Journalists seek out Immunize.org experts to help explain vaccines to the public and policy makers. We help the media understand and communicate the complex work vaccinators do. Here is one of our recent citations.
These recent articles convey the potential risks of vaccine-preventable diseases and the importance of vaccination.
Immunize.org Pages and Handouts
Reminder: Immunize.org updates its “Ask the Experts: Influenza” web page for the 2022–23 influenza season
Immunize.org experts updated our popular Ask the Experts: Influenza web page to reflect the Advisory Committee on Immunization Practices (ACIP) recommendations for influenza vaccination for the 2022–23 season.
Immunize.org’s Ask the Experts main page leads you to 30 distinct web pages on a variety of topics with more than 1,200 common or challenging questions and answers about vaccines and their administration. Immunize.org’s team of experts includes Kelly L. Moore, MD, MPH (team lead), Carolyn B. Bridges, MD, FACP, and Iyabode Beysolow, MD, MPH.
Reminder: Immunize.org updates its “Vaccines: COVID-19” web page with information on bivalent vaccines
Immunize.org updated its Vaccines: COVID-19 main page to connect you with a comprehensive list of CDC and FDA resources. We removed references to the original Pfizer-BioNTech monovalent “purple top” vaccine, which is no longer distributed (expiration September 30). The revised main page now incorporates resources for bivalent COVID-19 booster doses, recommended for all people age 12 years and older who completed a primary series, regardless of previous booster doses.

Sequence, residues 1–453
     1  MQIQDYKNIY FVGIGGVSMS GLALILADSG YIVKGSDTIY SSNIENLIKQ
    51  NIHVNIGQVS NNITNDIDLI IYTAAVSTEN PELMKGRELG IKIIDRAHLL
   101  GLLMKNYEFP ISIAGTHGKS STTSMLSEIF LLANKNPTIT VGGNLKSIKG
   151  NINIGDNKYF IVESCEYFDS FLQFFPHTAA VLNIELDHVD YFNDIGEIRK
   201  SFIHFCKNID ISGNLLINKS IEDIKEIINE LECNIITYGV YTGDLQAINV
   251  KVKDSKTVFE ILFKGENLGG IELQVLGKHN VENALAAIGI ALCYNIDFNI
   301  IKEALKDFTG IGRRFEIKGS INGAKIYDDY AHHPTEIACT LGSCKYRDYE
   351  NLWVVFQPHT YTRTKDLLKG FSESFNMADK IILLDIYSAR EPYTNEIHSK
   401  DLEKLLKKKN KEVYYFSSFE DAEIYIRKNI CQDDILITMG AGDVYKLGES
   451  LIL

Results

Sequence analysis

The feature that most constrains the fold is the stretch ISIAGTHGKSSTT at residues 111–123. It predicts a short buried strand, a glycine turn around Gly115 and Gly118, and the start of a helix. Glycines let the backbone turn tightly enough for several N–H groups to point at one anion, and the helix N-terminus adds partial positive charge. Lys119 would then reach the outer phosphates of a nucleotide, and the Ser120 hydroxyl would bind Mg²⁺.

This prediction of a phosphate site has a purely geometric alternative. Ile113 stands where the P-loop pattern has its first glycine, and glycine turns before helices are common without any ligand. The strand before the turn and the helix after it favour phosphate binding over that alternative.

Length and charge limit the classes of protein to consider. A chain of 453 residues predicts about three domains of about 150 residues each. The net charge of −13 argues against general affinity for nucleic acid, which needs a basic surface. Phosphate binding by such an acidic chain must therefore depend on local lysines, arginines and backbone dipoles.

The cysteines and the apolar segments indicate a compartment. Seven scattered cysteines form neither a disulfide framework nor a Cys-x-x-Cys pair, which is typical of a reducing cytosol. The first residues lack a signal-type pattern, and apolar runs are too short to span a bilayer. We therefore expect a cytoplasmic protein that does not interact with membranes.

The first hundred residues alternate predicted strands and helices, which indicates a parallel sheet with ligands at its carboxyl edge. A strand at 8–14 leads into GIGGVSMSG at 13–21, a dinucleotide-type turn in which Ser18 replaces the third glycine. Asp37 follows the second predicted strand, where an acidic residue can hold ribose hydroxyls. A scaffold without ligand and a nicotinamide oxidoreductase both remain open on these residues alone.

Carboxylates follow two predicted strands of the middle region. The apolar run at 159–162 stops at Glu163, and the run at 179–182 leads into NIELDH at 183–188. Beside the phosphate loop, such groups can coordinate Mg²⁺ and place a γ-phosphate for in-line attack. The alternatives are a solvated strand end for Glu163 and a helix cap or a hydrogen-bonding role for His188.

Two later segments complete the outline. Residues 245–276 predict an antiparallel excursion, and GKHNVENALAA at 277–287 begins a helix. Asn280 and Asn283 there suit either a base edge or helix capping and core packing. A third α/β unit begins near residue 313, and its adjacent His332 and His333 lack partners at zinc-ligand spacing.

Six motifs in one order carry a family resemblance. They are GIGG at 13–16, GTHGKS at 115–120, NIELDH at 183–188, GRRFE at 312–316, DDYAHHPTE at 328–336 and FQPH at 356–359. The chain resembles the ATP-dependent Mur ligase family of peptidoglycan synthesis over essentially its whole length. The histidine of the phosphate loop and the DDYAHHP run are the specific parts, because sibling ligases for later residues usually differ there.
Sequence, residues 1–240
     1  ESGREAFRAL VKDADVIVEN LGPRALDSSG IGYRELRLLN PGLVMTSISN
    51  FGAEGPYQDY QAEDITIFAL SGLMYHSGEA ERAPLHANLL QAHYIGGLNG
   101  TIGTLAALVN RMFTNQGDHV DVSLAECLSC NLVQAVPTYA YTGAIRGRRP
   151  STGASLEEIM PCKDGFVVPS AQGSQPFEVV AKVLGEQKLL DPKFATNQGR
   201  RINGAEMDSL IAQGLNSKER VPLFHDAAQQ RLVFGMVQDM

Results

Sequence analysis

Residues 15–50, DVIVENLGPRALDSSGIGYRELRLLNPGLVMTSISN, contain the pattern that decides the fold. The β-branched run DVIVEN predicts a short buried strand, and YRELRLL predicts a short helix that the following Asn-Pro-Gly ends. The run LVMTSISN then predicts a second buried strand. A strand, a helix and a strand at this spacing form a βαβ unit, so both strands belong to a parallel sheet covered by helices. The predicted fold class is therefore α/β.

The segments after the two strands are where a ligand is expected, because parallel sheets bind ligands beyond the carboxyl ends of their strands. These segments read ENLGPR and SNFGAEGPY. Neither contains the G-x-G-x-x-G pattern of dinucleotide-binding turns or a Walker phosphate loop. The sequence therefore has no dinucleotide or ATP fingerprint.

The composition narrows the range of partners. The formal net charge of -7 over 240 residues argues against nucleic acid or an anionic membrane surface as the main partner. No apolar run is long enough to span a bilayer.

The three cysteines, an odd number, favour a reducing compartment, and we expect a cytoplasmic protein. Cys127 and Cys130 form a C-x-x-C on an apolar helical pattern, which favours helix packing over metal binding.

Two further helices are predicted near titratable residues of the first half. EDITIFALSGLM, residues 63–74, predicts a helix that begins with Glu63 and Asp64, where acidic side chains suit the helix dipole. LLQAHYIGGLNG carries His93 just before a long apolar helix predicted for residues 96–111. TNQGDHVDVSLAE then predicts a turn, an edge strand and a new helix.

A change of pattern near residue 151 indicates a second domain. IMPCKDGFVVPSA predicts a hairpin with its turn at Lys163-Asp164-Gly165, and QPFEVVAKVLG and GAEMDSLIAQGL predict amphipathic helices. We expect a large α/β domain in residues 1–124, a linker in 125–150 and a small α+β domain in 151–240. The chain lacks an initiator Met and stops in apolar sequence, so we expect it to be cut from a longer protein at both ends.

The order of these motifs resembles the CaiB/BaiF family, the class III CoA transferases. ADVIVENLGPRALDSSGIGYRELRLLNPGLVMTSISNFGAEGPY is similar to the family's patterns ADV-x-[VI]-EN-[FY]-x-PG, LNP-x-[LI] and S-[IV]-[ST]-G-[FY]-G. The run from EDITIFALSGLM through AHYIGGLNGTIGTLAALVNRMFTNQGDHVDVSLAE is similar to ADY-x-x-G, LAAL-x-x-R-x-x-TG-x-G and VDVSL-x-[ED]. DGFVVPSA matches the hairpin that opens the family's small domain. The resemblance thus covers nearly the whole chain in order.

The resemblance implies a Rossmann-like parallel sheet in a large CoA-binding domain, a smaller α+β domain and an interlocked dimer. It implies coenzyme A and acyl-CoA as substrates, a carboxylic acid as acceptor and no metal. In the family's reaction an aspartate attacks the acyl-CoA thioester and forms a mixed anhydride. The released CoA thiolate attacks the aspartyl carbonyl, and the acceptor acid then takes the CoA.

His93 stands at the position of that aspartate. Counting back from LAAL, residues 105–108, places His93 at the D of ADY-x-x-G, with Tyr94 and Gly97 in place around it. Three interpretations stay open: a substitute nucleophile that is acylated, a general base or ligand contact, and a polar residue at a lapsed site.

Vaccines: COVID-19 links to new resources from CDC and FDA include fact sheets, clinical considerations, vaccine administration tools, and storage and handling guidance. This page also includes a link to Immunize.org’s regularly updated print-ready checklist for current versions of U.S. COVID-19 vaccination guidance and clinic support tools.
Bookmark this page for quick access to links to key COVID-19 vaccine resource pages. We will update this page as new guidelines for COVID-19 vaccines and new CDC materials are released.
American Academy of Pediatrics announces grant opportunities to increase vaccine confidence; applications due November 1
The American Academy of Pediatrics (AAP) announced multiple grant opportunities for health organizations and AAP Chapters to improve vaccine confidence and support pediatricians in the delivery of on-time vaccinations. Several grant programs are available related to COVID-19, HPV, influenza, and other routine childhood vaccinations. Applicants are encouraged to propose activities that will address the unique needs of children and families within their communities to improve vaccination uptake.
Applications can be submitted here. They are due by November 1, 2022.
Recognize colleagues and students with Immunize.org's elegantly designed "Vaccines Save Lives" black enamel pins